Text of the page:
In the first-stage logistic regression, the individual use of antihypertensive medications was significantly and positively associated with the proportion of individuals with hypertension who were treated in their prefecture of residence in both sexes (odds ratio, OR: 47.7, 95% CI: 22.5–100.8 in men; OR: 16.1, 95% CI: 8.9–29.2 in women). Its significant association with the endogenous variable means that it meets another condition for a valid instrumental variable. The median of predicted probability of taking medications was 0.11 (range: 0.02–0.70) in men and 0.10 (range: 0.02–0.92) in women.
In the second-stage regression of SBP, the coefficient of the probability of being treated indicates that individual SBP would significantly decline on average by 2.1 mmHg (95% CI: 1.4–2.7) and 3.3 mmHg (95% CI: 2.3–4.2) in men and women, respectively, with an increase of the probability of taking medication by 10% (Table 5). All other explanatory variables were significantly associated with SBP in both sexes, except regular exercise and cigarette smoking in women. In men, the association of regular exercise with SBP was substantially smaller than that of alcohol drinking, and the association of cigarette smoking with SBP was small too.
Table 6 provides the age-specific means of predicted SBP by sex and age group in 1986 and 2002. The means declined in all age groups in both sexes by 1.8 (95% CI: 1.2–2.5) to 3.0 (95% CI: 2.4–3.6) mmHg in men and 3.7 (95% CI: 3.4–4.1) to 5.1 (95% CI: 4.5–5.7) mmHg in women. The differences in means between 1986 and 2002 were statistically significant across all sex and age groups.
Contributions of different factors
The decomposition of the change in age-specific mean SBP by sex between 1986 and 2002 into contributions of the explanatory variables is illustrated in Fig. 2 and Fig. 3. The contribution of increased mean probability of taking antihypertensive medications was the largest of all the contributions made by the independent variables included in the model, except in young women. The magnitude of its contribution in men ranged from –0.29 mmHg (95% CI: –0.31 to –0.27 mmHg) to –1.93 mmHg (95% CI: –2.19 to –1.68 mmHg) in the 20–29 year and 70–74 year age groups, respectively, and in women from –0.22 mmHg (95% CI: –0.24 to –0.20 mmHg) to –2.46 mmHg (95% CI: –2.90 to –2.03 mmHg) in the 30–34 year and 70–74 year age groups, respectively. The contribution of treatment increased with age in both sexes, reflecting a larger increase in the probability of being treated among older adults.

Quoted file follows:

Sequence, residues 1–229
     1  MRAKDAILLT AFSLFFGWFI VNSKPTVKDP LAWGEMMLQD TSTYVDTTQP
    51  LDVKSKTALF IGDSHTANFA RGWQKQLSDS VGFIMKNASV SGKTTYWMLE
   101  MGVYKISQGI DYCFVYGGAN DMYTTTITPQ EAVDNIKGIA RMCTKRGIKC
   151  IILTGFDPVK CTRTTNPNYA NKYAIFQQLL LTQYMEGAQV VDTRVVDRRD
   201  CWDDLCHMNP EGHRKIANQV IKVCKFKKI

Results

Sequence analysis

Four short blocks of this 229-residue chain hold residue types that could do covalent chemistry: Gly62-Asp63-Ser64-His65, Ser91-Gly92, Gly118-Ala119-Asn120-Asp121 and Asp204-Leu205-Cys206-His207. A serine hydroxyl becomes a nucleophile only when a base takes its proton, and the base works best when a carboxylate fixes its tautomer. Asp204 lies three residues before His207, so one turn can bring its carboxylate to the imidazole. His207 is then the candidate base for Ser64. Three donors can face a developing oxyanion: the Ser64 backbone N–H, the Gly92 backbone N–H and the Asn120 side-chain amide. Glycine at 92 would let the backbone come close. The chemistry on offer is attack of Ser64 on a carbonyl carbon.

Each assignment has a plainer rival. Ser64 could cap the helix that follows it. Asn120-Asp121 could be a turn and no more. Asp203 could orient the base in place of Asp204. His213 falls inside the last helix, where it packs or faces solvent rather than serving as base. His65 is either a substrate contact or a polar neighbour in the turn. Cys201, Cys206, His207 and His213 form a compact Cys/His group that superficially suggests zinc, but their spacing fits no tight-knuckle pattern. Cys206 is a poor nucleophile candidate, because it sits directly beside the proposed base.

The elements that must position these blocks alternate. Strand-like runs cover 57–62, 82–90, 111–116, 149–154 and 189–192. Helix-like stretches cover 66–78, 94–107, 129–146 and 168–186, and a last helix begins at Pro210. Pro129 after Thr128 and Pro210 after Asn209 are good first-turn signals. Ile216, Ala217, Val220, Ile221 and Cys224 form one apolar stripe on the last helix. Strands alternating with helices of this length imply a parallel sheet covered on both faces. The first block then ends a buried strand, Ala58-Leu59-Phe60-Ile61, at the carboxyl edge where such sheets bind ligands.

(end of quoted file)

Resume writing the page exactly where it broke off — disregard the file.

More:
Fig. 2. Estimated contributions of explanatory variables to changes in mean predicted SBP in men between 1986 and 2002, based on data from the National Nutrition Survey, Japan, 1986–2002
Fig. 3. Estimated contributions of explanatory variables to changes in mean predicted SBP in women between 1986 and 2002, based on data from the National Nutrition Survey, Japan, 1986–2002
In women in their 30s and 40s, decreased mean BMI was the major contributor to the decline of mean SBP. Portions of the SBP decline attributed to this factor were as follows for the respective age groups: –0.68 mmHg (95% CI: –1.21 to –0.16 mmHg) in 30–34 years, –0.56 mmHg (95% CI: –1.13 to 0.01 mmHg) in 35–39 years, –0.93 mmHg (95% CI: –1.59 to –0.28 mmHg) in 40–44 years, and –1.09 mmHg (95% CI: –1.86 to –0.33 mmHg) in 45–49 years. However, the trend of mean BMI reversed in elderly women, with an associated increase in mean SBP of 1.48 mmHg (95% CI: 0.53–2.44 mmHg) in 65–69-year-old women, 2.04 mmHg (95% CI: 1.08–3.00 mmHg) in 70–74-year-old women, and 1.09 mmHg (95% CI: 0.32–1.85 mmHg) in women aged 75 years and over. Mean BMI rose across all age groups in men, with an associated increase in mean SBP of up to 2.60 mmHg (95% CI: 1.82–3.39 mmHg) in 70–74-year-old men.
Reduced mean daily salt intake contributed significantly to the decline of mean SBP by –0.4 to –0.2 mmHg in all age groups in both sexes. However, these values should be considered as a reference only, because the measure of salt intake used in this study was an aggregate at the prefecture level as described in Table 1.
Decreased prevalence of alcohol drinking contributed to the reduction of mean SBP in men in their 30s. The size of its contribution in the respective age groups is: –0.31 mmHg (95% CI: –0.52 to –0.10 mmHg) in 30–34 years, and –0.22 mmHg (95% CI: –0.42 to –0.03 mmHg) in 35–39 years. In contrast, the prevalence of alcohol drinking rose in men aged 70 years and over, and mean SBP increased by 0.35 mmHg (95% CI: 0.10–0.60) in men 70–74 years and by 0.25 mmHg (95% CI: 0.02–0.48) in men 75 years and over. The prevalence of alcohol drinking also increased in women aged under 60 years, and a concomitant rise in their mean SBP by 0.2 mmHg was noted.
Regular exercise contributed very little to the decline of mean SBP by less than 0.1 mmHg in all age groups in both sexes. This minor effect of physical activity was largely attributable to its small association with individual SBP, given that the prevalence of regular exercise increased substantially during this period.
Finally, after considering both positive and negative contributions to the decline of mean SBP, a remaining reduction of 2.44 mmHg in men and 3.14 mmHg in women was left unexplained by this model. These values were constant across age groups and equivalent to the coefficients of the survey year 2002 estimated in the second-stage regression.
This paper presents the first attempt to measure the contributions of relevant factors to the decline of mean SBP in Japan. The study used the two-stage least squares method with the instrumental variable and pooled data of the nationally representative cross-sectional survey over a long period of time.